Hong Kong’s stock market plunged after the Chinese government said it planned to impose a national security law on the city.
The Hang Seng closed 5.6 per cent lower on Friday, marking the index’s worst one-day performance in nearly five years. This mirrored investor concerns that Beijing’s show of legal force could reignite mass protests in Hong Kong and further worsen relations between the US and China.
The decline came hours ahead of the opening of the National People’s Congress (NPC), China’s annual rubber stamp meeting of lawmakers.
At the gathering, Beijing announced that it would abandon setting a gross domestic product target for the first time, as the country faces its most severe economic downturn in four decades due to the pandemic.
The growth target is normally included in the work report that is presented at the annual gathering of lawmakers, which was delayed by almost three months this year owing to the pandemic.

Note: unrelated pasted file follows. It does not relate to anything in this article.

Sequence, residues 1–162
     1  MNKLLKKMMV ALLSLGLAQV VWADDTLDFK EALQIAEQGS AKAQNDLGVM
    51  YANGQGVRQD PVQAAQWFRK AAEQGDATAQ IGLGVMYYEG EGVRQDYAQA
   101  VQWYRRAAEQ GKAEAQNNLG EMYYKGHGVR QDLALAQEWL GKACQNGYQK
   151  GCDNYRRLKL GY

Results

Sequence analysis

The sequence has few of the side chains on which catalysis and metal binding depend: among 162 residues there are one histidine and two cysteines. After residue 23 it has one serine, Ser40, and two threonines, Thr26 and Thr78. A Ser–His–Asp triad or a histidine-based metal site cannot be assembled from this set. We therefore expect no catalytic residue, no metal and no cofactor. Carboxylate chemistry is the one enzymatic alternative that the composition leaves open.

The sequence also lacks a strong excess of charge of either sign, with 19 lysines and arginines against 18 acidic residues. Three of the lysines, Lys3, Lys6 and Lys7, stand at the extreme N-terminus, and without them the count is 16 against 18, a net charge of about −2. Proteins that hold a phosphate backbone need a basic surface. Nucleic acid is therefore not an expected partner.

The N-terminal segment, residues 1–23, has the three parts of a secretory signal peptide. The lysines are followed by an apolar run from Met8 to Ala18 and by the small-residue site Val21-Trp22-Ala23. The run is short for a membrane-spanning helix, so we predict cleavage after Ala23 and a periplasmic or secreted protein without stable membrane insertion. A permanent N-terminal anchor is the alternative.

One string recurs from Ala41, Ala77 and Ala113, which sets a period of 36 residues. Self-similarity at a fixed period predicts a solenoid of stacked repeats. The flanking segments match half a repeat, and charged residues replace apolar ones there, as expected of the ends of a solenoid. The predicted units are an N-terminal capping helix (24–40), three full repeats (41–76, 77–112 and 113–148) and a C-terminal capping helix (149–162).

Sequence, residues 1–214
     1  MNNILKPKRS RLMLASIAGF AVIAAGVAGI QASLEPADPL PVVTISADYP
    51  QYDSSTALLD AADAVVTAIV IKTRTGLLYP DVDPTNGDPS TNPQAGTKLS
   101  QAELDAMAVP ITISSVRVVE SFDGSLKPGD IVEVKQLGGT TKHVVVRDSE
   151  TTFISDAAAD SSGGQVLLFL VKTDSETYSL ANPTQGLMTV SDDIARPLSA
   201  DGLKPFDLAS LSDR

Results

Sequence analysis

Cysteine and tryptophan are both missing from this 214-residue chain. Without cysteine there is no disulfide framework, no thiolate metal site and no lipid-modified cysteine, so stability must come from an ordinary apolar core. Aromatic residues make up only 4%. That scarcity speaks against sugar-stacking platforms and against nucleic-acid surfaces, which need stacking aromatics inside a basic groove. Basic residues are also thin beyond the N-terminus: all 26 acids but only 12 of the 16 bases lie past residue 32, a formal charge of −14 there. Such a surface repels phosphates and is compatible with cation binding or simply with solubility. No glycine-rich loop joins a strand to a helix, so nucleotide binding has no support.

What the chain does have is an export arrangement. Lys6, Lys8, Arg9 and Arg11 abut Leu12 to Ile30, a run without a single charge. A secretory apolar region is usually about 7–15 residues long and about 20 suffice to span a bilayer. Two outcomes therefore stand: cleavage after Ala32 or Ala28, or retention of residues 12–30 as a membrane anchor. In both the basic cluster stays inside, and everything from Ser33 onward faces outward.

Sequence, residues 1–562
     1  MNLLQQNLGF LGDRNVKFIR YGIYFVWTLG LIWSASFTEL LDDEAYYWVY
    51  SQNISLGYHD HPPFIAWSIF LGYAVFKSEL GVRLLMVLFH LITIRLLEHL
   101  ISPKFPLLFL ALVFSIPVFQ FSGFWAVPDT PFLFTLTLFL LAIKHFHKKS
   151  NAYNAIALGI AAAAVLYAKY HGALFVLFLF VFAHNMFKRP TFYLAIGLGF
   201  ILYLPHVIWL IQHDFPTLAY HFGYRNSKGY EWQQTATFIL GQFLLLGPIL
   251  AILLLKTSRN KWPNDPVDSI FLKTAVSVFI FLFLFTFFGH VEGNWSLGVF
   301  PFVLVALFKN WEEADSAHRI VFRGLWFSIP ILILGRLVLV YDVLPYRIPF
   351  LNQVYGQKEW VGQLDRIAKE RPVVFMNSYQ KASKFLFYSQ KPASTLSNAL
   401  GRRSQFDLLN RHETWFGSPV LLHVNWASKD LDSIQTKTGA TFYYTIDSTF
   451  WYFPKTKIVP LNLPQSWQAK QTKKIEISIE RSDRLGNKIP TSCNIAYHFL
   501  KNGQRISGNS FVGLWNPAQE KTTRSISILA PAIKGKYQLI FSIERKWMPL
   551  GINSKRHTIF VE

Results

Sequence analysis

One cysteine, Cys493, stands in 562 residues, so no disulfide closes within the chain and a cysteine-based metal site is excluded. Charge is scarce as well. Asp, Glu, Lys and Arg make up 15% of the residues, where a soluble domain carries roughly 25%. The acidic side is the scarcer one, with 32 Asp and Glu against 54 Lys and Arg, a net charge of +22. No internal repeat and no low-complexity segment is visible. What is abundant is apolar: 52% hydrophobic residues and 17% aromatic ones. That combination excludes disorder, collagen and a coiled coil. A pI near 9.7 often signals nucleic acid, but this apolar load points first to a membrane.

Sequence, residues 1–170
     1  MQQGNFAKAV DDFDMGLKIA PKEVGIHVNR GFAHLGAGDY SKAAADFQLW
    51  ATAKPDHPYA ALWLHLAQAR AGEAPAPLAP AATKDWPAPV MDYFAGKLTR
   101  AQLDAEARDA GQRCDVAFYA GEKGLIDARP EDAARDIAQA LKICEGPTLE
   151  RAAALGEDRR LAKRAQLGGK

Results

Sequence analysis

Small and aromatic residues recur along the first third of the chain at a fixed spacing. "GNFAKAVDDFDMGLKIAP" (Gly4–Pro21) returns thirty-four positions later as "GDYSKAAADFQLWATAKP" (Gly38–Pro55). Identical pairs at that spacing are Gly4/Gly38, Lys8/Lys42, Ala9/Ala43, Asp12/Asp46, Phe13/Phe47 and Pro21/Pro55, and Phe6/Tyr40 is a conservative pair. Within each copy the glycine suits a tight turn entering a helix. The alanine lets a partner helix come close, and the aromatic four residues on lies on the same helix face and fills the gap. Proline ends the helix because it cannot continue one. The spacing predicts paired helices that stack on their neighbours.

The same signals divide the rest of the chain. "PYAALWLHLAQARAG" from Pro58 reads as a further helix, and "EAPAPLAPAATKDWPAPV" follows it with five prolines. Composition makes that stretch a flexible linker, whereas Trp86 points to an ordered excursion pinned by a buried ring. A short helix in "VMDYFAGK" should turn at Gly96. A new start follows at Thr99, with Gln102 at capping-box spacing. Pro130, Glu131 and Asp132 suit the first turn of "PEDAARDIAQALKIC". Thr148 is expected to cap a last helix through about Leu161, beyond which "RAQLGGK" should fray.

The economy contracted by 6.8 per cent in the first quarter of the year during the coronavirus outbreak.
Despite the slowdown, China announced that it would increase its military budget by 6.6 per cent to Rmb1.27trn ($178bn) for 2020. Last year China raised military spending by 7.5 per cent to Rmb1.19trn, or 1.2 per cent of GDP.
Meanwhile, the planned changes in Hong Kong would target subversion, terrorism and foreign influence and would be imposed through Hong Kong’s mini-constitution, the Basic Law. China’s national security agencies would set up operations directly in Hong Kong.
In China, the CSI 300 index of Shanghai and Shenzhen-listed stocks ended the day down 2.3 per cent after the NPC declined to set a GDP target.